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C.E. Grey Vs. Walker, Goward and Co. - Court Judgment

LegalCrystal Citation
CourtKolkata
Decided On
Judge
Reported in18Ind.Cas.756
AppellantC.E. Grey
RespondentWalker, Goward and Co.
Cases ReferredMorgan v. Bain L.R.
Excerpt:
contract - sale of goods--insolvency of purchaser--right of official assignee to sue on contract--tender of cash--election within reasonable time--contract act (ix of 1872,), section 96--presidency towns insolvency act (iii of 1909), section 68--powers of official assignee--carrying on business of insolvent for beneficial winding up--leave of court. - .....section 52 of the presidency towns insolvency act, the property of the insolvent vested in mr. grey, official assignee, as representing the estate of the insolvent. at the time of the insolvency, the insolvent was entitled to the benefit of these four contracts, but he having become an insolvent the rights which passed to mr. grey were not those of the insolvent as a solvent, but the rights of the insolvent as an insolvent, and one whose insolvency was the same as in a bankruptcy under the bankruptcy act, 1883, in england. under those provisions, in my opinion, as i stated on the last occasion, the trustee was bound to tender cash before calling upon the defendant to deliver the goods following ex parte chalmers l.r. 8 ch, ap. 289; 42 l.j. ch. 37; 28 l.t. 325; 21 w.r. 349, he had to.....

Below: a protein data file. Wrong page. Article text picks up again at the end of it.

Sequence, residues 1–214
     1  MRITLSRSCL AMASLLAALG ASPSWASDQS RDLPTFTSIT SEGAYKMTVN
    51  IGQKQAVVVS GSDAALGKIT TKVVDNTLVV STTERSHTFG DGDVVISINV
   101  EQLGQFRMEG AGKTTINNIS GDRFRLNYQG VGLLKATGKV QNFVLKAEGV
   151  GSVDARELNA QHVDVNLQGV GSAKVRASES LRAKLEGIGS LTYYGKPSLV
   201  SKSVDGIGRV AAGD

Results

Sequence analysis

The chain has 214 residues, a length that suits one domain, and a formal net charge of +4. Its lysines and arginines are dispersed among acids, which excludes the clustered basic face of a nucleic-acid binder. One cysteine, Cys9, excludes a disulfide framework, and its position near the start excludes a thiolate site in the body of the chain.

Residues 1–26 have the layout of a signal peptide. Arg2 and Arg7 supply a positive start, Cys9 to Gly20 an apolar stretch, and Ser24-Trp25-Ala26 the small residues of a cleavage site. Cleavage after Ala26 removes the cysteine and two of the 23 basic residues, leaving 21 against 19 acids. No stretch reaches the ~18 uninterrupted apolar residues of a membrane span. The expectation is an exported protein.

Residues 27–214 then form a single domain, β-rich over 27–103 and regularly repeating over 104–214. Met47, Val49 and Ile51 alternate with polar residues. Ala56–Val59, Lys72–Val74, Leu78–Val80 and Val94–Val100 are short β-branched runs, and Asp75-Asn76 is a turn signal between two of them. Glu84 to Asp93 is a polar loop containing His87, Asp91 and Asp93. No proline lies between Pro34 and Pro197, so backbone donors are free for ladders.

Judgment:

Fletcher, J.